After 262 long days in lockdown, and five other attempts at this particular exercise, Melburnians should be experts by most normal standards at re-entering the world! However, as we have just spent our first weekend in experiencing relative freedoms I’ve been reflecting (while I was having my first swim back in the pool) on how interesting it has felt out in the world after such a long and intense period of time living with lockdowns – the restrictions on our daily living, our reduced time spend indoors and our limited contact with friends and family. It truly has been an intense time. We’ve all become accustomed to working from home, social distancing, mask-wearing and being socially isolated. And we have developed a range of behaviours adjusting to these that helped us navigate the unusual set of circumstances that COVID-19 has brought us which won’t necessarily serve us as the world starts to re-open.
The term ‘re-entry syndrome’ was a term developed back in the 1960’s by a pair of psychologists who used it to describe the emotional toll of rejoining society, often seen with soldiers, prisoners or scientists or explorers who may be away on expeditions for prolonged periods in remote places. In amongst the excitement around being back home, there’s often a dip in emotions, mood and behaviour as people struggle to integrate back into their old lives and existence. Re-entry anxiety a kind of post-lockdown anxiety where people feel a range of anxious responses as they start integrating back into the post-COVID ‘normal’. There are a range of really very normal responses that people are having in response to a lessening in restrictions, from fears around catching COVID, nervousness about crowds and increased people around us through to reluctance around getting back to the school run or office with associated lengthy travel, irritation about the increased traffic and the joy and excitement of seeing friends and family.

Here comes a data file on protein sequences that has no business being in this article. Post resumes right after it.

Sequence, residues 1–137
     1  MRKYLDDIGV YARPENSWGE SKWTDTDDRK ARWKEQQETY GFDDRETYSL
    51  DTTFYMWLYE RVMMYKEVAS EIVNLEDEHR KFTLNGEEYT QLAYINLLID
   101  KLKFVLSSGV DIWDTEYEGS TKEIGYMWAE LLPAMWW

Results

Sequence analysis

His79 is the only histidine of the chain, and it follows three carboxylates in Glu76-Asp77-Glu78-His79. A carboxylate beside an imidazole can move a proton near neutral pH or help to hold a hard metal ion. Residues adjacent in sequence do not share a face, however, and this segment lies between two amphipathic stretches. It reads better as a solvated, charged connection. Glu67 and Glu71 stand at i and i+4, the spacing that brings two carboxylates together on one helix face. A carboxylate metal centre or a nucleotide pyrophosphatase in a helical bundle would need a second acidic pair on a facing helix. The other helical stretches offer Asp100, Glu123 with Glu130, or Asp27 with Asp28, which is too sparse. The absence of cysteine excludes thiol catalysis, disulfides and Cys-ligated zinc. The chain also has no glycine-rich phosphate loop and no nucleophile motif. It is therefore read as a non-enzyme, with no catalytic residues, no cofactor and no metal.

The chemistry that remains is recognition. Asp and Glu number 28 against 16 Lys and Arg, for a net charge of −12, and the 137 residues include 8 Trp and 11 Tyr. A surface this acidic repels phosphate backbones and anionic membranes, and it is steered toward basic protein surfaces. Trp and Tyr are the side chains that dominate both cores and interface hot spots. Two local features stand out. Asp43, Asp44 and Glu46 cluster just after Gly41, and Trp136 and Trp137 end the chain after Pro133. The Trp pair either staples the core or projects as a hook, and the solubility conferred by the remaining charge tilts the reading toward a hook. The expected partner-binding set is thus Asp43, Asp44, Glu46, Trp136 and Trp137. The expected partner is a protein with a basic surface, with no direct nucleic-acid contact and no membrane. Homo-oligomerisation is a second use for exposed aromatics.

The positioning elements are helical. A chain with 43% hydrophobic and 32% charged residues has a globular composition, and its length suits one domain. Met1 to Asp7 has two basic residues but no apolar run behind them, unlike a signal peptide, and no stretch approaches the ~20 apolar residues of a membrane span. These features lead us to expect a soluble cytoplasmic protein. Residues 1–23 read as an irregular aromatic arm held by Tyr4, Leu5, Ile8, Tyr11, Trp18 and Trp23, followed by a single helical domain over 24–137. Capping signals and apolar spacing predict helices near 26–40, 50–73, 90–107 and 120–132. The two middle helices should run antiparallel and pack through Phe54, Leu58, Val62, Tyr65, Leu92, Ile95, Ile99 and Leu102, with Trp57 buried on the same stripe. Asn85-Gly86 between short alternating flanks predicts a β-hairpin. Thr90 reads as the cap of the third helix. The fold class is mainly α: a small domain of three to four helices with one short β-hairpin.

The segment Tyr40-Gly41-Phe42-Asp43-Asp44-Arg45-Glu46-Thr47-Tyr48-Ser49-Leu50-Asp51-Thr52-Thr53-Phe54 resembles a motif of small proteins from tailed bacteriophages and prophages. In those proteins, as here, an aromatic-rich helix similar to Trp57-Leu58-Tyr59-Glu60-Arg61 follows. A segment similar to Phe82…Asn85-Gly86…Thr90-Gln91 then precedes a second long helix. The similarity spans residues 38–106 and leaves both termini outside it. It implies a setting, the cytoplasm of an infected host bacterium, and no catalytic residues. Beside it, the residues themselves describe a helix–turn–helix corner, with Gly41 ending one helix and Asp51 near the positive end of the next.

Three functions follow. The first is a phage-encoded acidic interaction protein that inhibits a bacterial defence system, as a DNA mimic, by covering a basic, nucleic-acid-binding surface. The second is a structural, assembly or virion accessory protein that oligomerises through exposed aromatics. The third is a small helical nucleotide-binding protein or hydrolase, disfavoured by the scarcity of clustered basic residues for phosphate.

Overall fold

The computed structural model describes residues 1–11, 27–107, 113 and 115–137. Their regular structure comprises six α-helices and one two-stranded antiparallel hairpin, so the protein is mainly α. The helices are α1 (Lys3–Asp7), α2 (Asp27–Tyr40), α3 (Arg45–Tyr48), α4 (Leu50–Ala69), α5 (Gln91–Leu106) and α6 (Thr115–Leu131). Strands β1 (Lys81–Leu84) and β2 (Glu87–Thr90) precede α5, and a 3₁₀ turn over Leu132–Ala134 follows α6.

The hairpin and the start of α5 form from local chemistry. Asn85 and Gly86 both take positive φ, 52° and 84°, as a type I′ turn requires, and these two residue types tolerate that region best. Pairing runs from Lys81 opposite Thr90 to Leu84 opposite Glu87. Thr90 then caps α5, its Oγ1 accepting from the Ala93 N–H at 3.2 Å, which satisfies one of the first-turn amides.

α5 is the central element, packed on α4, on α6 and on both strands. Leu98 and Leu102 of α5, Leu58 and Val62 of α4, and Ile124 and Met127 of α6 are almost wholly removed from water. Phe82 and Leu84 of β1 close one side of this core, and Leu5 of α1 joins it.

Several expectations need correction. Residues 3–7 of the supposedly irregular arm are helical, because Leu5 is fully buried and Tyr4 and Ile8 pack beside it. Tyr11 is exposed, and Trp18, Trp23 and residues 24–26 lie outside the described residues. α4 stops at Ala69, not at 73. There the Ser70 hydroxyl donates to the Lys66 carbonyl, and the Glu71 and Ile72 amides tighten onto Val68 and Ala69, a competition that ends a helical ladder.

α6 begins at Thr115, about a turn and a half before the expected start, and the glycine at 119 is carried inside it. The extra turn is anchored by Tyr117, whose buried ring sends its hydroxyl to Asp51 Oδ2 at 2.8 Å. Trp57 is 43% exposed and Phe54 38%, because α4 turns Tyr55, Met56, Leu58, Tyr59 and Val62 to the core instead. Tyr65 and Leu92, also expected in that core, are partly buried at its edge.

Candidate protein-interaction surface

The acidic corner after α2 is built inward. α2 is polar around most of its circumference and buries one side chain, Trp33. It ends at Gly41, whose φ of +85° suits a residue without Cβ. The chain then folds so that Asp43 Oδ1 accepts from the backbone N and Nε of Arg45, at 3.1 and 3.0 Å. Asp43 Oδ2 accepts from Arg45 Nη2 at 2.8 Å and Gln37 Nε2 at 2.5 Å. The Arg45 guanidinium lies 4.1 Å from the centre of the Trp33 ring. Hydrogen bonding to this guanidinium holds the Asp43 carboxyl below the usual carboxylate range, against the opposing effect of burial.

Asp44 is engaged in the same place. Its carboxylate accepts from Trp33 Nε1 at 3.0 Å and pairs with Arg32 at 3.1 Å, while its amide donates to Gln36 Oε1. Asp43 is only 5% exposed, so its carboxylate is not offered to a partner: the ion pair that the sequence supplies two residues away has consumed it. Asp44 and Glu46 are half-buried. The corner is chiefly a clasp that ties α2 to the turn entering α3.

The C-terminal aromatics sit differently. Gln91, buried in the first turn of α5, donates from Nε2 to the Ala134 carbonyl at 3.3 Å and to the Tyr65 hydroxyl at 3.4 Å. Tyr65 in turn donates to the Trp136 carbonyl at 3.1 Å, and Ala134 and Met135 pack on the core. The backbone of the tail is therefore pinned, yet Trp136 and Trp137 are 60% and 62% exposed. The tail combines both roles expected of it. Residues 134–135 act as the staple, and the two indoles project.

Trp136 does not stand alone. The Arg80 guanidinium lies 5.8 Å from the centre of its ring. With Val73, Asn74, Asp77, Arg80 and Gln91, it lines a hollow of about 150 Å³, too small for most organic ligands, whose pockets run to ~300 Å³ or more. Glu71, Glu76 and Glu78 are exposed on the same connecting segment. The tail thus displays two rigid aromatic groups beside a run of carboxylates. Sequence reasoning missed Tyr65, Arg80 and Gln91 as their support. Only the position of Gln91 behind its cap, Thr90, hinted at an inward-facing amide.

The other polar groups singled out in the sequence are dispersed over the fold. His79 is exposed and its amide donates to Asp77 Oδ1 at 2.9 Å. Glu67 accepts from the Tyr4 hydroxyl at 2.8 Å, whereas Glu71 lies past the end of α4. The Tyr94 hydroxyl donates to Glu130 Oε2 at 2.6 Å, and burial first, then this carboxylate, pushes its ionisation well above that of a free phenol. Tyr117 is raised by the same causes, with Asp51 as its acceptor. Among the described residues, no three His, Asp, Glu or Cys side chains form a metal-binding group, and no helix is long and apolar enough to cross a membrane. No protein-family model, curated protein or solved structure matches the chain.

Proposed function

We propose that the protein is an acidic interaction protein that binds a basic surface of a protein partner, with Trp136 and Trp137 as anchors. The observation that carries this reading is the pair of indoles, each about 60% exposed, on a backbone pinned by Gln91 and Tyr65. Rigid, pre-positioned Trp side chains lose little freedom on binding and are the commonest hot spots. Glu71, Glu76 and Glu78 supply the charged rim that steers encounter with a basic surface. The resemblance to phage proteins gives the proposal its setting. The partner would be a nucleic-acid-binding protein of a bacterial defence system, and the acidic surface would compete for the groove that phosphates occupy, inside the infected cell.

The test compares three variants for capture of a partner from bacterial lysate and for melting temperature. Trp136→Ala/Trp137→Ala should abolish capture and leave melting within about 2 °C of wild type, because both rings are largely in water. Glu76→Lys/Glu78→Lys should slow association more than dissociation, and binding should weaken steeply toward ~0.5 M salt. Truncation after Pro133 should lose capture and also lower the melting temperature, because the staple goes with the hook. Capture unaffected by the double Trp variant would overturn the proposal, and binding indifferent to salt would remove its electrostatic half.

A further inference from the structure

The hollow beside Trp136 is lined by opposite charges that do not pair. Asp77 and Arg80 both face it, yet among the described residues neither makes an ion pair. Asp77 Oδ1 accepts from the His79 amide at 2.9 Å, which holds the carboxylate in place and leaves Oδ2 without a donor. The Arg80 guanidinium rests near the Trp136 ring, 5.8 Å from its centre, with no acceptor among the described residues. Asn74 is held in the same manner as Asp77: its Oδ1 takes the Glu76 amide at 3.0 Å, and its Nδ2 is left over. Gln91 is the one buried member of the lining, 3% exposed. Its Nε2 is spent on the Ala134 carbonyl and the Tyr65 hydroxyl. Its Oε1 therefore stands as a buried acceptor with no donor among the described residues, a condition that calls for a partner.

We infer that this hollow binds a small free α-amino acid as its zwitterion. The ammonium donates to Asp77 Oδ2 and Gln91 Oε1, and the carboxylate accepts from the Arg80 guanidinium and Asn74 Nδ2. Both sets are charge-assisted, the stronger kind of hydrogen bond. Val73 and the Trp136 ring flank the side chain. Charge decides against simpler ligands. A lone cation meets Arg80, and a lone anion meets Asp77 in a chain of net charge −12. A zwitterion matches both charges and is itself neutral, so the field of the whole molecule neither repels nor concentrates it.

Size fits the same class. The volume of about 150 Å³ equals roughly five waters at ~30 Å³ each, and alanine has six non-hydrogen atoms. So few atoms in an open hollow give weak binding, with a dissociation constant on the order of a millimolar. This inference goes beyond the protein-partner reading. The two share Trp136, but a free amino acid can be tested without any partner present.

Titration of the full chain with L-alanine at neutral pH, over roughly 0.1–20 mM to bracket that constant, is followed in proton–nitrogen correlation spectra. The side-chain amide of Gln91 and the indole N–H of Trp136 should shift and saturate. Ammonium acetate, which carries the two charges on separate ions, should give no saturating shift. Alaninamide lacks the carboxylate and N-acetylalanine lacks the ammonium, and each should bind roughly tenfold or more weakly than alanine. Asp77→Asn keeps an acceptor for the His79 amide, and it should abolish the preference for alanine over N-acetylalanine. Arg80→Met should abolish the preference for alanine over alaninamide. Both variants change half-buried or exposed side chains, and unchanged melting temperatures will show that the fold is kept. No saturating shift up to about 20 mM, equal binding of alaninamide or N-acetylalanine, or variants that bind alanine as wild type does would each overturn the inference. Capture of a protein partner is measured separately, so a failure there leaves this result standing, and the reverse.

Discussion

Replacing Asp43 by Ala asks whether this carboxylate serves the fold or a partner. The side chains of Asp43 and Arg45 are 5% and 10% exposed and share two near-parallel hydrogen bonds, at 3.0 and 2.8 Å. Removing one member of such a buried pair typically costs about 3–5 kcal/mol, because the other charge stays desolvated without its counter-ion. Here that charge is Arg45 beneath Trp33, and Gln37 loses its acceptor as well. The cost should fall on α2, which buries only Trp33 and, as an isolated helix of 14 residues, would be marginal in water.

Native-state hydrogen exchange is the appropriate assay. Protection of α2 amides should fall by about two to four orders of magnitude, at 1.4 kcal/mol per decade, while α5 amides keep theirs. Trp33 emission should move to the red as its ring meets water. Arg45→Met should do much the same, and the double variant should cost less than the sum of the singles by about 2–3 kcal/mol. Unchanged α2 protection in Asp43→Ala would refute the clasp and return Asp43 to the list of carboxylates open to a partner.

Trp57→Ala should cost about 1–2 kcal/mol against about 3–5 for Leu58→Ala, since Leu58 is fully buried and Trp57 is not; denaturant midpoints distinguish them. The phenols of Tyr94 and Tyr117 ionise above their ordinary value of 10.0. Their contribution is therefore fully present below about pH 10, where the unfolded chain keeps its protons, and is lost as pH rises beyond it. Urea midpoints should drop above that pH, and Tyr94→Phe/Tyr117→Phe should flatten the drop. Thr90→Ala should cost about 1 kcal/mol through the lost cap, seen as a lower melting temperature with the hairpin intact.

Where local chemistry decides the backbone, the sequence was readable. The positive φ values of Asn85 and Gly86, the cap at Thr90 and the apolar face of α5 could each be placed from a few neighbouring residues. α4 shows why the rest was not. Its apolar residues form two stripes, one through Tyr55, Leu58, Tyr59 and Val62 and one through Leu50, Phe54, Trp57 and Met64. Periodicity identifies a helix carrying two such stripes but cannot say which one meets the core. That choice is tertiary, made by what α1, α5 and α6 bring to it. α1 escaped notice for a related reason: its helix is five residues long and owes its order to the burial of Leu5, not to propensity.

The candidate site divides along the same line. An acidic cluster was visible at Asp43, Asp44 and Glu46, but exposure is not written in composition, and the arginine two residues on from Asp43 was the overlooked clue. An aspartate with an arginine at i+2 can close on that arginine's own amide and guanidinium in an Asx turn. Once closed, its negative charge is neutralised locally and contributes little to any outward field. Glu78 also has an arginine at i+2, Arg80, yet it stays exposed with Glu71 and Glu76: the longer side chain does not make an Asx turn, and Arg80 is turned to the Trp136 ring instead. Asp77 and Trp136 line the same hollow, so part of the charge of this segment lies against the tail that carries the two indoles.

How to know if you’re struggling with this post-lockdown adjustment:
- You’re worried and preoccupied about returning to your ‘old life’
- You’re stressed about post-pandemic life
- You’re ruminating on different possible (often worst-case) scenarios
- You’re reluctant to do anything very much different to what you were doing in lockdown
Top tips for navigating re-entry:
- Take things at your own pace – your timing is right for you
- Focus on what you can control
- Don’t avoid things entirely – feel the fear and do it (gradually) anyway
- Ease back into it in a phased / stepped approach
- Do it with friends – confide in them about how you’re feeling too
- Reframe those helpful or negative or catastrophising thoughts
- Keep what worked for you in lockdown
- Set boundaries around the things that you feel strongly about around living with COVID and be clear and respectful when communicating them
- Recognise and support others who might also be finding it tough – a lot of people are feeling anxious and are struggling to adjust
- Remember you will get through this, we all will
- Be kind and compassionate towards yourself as you start to experience the world again
If it’s the right time to talk about your struggles with the end of lockdown, we have a team of relationship therapists at Thea Baker Wellbeing – please reach out to us at: firstname.lastname@example.org / 03 9077 8194.